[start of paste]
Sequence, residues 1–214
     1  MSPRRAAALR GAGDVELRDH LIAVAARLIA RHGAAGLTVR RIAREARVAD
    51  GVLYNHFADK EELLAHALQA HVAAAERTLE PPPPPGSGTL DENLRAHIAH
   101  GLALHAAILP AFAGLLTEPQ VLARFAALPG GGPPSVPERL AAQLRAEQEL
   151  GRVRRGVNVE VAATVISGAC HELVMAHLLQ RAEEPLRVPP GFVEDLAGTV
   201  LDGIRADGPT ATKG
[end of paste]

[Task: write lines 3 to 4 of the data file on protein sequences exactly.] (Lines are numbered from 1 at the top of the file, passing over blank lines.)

    51  GVLYNHFADK EELLAHALQA HVAAAERTLE PPPPPGSGTL DENLRAHIAH
   101  GLALHAAILP AFAGLLTEPQ VLARFAALPG GGPPSVPERL AAQLRAEQEL